1. ## finding maximal value

Find the maximal value of the expression
$\displaystyle \frac{a_1}{a_2} + \frac{a_2}{a_3}+...+ \frac{a_{2008}}{a_{2009}}$

where
$\displaystyle a_1,a_2,...,a_{2009}$are positive numbers satisfying$\displaystyle a_\imath \geq a_1+a_2+...+a_{\imath - 1}$ for each $\displaystyle 2 \leq \imath \leq 2009$

2. ## Interesting...

Well, here's something just to get the ball rolling...

If you use powers of 2, that is $\displaystyle a_i=2^{i-1}$, that gives you $\displaystyle S=\frac12+\frac12+...+\frac12 = 2008\frac12=1004$. Because of the inequality, you can let $\displaystyle a_1=a_2=1$ and $\displaystyle a_i=2^{i-2}$ for $\displaystyle i>2$. This gives $\displaystyle S=1+\frac12+\frac12+...+\frac12=1004.5$

Now imagine letting $\displaystyle a_{2008}$ be an arbitrarily large number L, and denote $\displaystyle c=\sum_{i=1}^{2007}a_i$. Now the maximal value of $\displaystyle \frac{a_{2008}}{a_{2009}}$ would be gotten by defining $\displaystyle a_{2009}=L+c$, giving it a value of $\displaystyle \frac{L}{L+c}$ which tends to 1 as L grows large. Thus $\displaystyle S<1+\frac12+\frac12+...+\frac12+1=1005$

I am trying to imagine an induction approach to repeat this last trick on $\displaystyle \frac{a_{2007}}{a_{2008}}$ and so on, but as of right now, the highest value I can generate is $\displaystyle 1004.9999999999...$

3. Originally Posted by Media_Man
If you use powers of 2, that is $\displaystyle a_i=2^{i-1}$, that gives you $\displaystyle S=\frac12+\frac12+...+\frac12 = 2008\frac12=1004$. Because of the inequality, you can let $\displaystyle a_1=a_2=1$ and $\displaystyle a_i=2^{i-2}$ for $\displaystyle i>2$. This gives $\displaystyle S=1+\frac12+\frac12+...+\frac12=1004.5$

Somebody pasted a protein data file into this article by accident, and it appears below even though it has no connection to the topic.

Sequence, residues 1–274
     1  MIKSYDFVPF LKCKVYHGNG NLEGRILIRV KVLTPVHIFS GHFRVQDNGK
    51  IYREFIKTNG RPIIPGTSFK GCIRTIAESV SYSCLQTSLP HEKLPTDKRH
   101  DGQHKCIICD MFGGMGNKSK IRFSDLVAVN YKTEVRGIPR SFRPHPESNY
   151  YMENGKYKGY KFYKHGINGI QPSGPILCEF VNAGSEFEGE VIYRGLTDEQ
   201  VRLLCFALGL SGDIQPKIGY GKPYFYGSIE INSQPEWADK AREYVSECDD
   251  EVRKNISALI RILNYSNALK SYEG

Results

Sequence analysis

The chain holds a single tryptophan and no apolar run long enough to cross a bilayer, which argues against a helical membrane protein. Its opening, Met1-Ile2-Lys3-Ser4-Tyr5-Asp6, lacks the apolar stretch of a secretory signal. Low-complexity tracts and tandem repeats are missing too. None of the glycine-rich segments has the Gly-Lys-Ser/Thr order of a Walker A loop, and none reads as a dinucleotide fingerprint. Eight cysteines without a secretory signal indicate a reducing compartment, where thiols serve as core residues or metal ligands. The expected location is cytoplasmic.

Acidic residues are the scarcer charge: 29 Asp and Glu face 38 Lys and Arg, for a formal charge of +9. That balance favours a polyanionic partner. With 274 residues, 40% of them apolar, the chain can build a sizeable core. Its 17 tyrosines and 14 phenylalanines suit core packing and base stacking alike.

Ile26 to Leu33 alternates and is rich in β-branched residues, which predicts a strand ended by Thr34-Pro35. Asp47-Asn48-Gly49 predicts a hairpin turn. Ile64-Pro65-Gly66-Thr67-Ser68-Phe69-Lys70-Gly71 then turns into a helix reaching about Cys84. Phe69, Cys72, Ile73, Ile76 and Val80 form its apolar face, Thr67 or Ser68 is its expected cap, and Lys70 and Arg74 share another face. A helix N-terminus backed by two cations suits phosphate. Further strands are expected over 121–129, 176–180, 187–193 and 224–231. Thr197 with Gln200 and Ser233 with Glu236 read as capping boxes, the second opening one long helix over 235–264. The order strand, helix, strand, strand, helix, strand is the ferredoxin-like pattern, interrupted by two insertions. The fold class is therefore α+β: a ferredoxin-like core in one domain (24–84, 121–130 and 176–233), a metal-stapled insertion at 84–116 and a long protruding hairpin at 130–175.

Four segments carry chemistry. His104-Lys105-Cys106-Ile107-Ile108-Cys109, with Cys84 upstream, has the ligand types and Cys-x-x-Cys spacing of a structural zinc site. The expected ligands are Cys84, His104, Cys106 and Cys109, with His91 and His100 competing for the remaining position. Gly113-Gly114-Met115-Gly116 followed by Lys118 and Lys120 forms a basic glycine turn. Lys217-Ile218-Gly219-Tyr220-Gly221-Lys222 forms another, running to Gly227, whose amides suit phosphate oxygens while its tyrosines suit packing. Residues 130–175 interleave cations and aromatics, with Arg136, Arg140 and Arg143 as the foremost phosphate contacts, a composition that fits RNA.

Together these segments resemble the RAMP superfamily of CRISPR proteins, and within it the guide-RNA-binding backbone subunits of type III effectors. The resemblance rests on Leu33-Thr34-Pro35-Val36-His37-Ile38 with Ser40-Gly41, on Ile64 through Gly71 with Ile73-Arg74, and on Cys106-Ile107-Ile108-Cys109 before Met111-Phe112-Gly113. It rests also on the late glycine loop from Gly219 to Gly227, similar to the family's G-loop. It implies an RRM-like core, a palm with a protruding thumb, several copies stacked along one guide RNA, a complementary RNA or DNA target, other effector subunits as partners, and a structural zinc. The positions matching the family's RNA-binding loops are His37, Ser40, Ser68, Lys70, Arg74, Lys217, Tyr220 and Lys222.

Now imagine letting $\displaystyle a_{2008}$ be an arbitrarily large number L, and denote $\displaystyle c=\sum_{i=1}^{2007}a_i$. Now the maximal value of $\displaystyle \frac{a_{2008}}{a_{2009}}$ would be gotten by defining $\displaystyle a_{2009}=L+c$, giving it a value of $\displaystyle \frac{L}{L+c}$ which tends to 1 as L grows large. Thus $\displaystyle S<1+\frac12+\frac12+...+\frac12+1=1005$
I don't believe that the construction with L and L+c leads to any improvement on the previous total of 1004.5. In fact, if you choose $\displaystyle a_{2008} = L$ then it affects the term $\displaystyle \frac{a_{2007}}{a_{2008}}$, changing the last two terms of the sum from $\displaystyle \frac12+\frac12$ to $\displaystyle \frac{2^{2005}}L + \frac{L}{L+c},$ which tends to 1 as L→∞. So nothing is gained.

I suspect that the value 1004.5 obtained by taking $\displaystyle a_i=2^{i-2}$ for $\displaystyle i>2$ is the best possible.

4. i havent understood a single word sorryy!!!!

5. ## Clarity

Sorry... So far the most efficient selection of a's we have been able to find is the following:

$\displaystyle a_1=1$
$\displaystyle a_2=1$
$\displaystyle a_3=1+1=2$
$\displaystyle a_4=1+1+2=4$
$\displaystyle a_5=1+1+2+4=8$
$\displaystyle a_6=1+1+2+4+8=16$
...
And so on, amounting to $\displaystyle a_i=2^{i-2}$

This gives your sum $\displaystyle S=\frac{a_1}{a_2}+\frac{a_2}{a_3}+... +\frac{a_{2008}}{a_{2009}}$ $\displaystyle = \frac{1}{1}+\frac{1}{2}+\frac{2}{4}+... +\frac{2^{2008}}{2^{2009}}$ $\displaystyle = 1+\frac12+\frac12+...+\frac12=1004.5$

This is probably the maximum, as Opalg corrected my faulty logic in my last post. What we lack though, is a proof.